Vox pop

Dulux claims its new paint packaging has been designed to make painting easier for women. What other products would benefit from a gender specific revamp and why?

‘My wife complains that our Dyson is too heavy to carry up the stairs and our Mountfield lawnmower requires man strength to start and push around the lawn. My only complaint – our Rowenta iron could do with a few more buttons and flashy lights.’

Spencer Buck, Joint creative director, Taxi Studio

‘Tampons. I must confess to not having too much personal experience of these nasty little nightmares, but most of the women I know who are prepared to discuss the issue find them extremely objectionable in more than one respect. Funny, isn’t it? Sometimes, gender specificity visits even worse crimes upon the user than we find in “androgynous” ones.’

Richard Seymour, Senior partner, Seymour Powell

‘A lot of standard packaging containers should be better designed, like the jar you can’t get the lid off, the plastic clam pack you can’t get into or the cardboard multi-pack that tears when you pick it up. Designing them to be gender specific isn’t really the issue. They should be designed to make everyone’s lives easier.’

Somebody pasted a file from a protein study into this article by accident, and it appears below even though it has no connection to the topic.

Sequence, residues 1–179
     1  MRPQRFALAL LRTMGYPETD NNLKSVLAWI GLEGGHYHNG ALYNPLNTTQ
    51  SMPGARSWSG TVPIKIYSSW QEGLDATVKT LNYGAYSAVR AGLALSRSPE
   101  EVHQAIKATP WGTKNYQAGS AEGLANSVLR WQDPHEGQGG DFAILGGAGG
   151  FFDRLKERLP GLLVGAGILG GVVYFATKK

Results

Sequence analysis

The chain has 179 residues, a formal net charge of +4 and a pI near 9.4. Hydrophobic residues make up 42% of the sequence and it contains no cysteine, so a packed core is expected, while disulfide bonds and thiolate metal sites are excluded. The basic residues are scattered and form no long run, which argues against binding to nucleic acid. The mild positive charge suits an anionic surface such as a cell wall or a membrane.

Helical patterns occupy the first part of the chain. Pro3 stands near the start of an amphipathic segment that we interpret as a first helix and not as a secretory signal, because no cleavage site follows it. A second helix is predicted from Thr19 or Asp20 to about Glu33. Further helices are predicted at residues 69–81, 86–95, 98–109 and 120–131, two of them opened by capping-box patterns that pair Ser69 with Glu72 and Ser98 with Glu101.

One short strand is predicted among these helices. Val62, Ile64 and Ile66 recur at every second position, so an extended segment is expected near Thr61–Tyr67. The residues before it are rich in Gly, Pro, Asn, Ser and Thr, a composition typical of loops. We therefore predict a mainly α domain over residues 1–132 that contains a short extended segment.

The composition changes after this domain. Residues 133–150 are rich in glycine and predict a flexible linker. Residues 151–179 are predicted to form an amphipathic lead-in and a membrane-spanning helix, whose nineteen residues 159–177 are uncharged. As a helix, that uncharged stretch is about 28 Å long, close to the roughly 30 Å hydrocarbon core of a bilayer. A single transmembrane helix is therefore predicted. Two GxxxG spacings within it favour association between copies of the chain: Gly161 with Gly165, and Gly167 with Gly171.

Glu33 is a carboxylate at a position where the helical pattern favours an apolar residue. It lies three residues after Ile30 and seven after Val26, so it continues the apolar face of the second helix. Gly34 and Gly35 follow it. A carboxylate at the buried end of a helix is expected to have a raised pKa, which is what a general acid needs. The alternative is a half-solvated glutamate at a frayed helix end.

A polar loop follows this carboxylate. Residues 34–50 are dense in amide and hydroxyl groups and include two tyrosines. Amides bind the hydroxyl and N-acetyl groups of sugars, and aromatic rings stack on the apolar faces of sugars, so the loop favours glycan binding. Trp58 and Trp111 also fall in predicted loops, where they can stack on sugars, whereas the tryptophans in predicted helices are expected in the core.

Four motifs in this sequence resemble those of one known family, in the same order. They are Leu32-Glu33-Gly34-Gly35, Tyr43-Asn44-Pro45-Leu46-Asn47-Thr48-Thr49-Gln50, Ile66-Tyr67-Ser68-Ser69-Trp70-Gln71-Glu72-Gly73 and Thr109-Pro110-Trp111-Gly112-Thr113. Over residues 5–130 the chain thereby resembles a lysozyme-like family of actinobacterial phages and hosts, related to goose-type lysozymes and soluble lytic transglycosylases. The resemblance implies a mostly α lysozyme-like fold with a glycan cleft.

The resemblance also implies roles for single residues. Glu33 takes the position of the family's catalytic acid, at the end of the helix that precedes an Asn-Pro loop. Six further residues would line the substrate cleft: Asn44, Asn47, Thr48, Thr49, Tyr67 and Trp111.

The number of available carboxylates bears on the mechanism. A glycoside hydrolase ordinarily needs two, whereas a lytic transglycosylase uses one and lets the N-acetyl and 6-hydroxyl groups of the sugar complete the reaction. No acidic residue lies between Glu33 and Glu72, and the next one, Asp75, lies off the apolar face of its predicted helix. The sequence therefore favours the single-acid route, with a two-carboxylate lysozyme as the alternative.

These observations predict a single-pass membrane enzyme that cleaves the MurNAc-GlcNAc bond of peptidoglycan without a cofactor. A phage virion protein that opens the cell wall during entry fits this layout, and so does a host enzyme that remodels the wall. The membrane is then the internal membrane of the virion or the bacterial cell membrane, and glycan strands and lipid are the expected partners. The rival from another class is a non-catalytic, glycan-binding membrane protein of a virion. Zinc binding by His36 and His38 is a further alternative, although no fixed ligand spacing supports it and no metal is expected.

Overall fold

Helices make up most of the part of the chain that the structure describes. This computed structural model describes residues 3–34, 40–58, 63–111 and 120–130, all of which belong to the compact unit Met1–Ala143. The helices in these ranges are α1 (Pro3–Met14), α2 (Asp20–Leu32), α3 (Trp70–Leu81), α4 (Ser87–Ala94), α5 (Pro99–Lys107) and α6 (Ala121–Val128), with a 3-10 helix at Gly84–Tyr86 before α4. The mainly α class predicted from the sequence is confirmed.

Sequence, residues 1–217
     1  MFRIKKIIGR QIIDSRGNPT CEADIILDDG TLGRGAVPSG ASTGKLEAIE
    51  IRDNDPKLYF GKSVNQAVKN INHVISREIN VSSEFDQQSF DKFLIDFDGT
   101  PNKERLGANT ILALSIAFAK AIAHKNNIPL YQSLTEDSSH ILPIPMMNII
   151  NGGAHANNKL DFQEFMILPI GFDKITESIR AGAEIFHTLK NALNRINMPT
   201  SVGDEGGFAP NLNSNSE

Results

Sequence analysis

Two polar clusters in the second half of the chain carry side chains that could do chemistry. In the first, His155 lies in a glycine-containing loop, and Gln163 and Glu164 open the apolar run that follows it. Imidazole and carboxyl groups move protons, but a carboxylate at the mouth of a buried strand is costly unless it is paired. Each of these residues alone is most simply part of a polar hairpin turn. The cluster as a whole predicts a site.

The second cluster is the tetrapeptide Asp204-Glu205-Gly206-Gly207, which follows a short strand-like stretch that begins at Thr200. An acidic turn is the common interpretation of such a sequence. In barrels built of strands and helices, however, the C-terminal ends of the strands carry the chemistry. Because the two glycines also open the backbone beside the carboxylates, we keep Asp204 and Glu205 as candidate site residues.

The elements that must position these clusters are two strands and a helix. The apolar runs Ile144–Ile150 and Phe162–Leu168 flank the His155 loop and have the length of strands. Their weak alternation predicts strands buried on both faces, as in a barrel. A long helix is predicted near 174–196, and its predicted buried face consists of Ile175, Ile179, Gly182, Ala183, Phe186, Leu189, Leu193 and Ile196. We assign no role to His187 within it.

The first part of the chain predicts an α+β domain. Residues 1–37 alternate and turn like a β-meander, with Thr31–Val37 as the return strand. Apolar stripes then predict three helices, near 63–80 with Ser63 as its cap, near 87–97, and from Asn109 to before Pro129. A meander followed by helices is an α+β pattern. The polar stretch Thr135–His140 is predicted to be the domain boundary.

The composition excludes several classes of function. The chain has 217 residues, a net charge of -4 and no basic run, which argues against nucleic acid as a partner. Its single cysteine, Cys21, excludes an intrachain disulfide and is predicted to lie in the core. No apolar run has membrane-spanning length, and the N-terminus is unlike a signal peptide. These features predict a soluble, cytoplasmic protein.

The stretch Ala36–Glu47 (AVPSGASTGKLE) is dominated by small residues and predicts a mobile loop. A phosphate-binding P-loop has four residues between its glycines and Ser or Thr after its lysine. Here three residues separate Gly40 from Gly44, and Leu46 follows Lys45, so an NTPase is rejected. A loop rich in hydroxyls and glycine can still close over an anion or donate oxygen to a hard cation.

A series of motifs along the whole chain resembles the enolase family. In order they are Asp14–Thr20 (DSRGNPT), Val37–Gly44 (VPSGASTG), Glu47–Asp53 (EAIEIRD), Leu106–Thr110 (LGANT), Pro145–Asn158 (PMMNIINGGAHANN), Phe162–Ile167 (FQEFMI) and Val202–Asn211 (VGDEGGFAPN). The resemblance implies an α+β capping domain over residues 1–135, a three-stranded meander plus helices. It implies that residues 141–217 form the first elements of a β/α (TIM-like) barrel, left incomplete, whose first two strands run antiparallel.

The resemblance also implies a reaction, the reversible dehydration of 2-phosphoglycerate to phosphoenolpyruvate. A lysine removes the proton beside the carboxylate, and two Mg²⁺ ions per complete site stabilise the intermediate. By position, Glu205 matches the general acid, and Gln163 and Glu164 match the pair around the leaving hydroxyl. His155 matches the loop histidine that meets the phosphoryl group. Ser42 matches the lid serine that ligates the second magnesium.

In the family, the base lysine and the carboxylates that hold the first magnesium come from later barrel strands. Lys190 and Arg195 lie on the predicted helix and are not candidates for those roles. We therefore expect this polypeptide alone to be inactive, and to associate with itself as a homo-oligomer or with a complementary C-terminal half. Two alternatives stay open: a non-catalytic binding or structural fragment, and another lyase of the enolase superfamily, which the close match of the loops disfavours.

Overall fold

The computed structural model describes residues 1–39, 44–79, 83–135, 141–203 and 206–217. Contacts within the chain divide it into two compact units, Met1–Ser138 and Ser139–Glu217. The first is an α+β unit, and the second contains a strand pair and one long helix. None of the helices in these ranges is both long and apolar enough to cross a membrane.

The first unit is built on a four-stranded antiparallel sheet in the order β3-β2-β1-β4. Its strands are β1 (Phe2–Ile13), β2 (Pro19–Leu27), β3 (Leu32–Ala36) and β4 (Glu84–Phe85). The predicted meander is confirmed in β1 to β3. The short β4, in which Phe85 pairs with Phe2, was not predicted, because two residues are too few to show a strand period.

Bruce Duckworth, Partner, Turner Duckworth

‘There aren’t many products I would consider to be absolutely male or female. However, some would benefit from upping their male or female characteristics. For example, the increasing desire for men to be “hairless” means that hair removal creams could do with “butching-up”. Likewise garage repair services and builders yards could do with a female touch – so my colleagues say.’

Stephen Bell, Creative director, Coley Porter Bell

‘I get irritated when I have to ask a man with bigger, stronger hands to open a jar. Is it beyond the wit of man or woman to design an accessible seal? Laughably, someone out there is designing gadgets to put in the hands to open the jars. Let’s get to grips with this.’

Keren House, Creative director, Siebert Head

‘Women buy a lot of batteries, yet it’s a nerdy men’s world of meaningless initials and numerals. Who on earth remembers whether they need an AA or an AAA, let alone an LR6 or an HP7? There has to be a memorable and involving way of differentiating them.’

Mary Lewis, Creative director, Lewis Moberly

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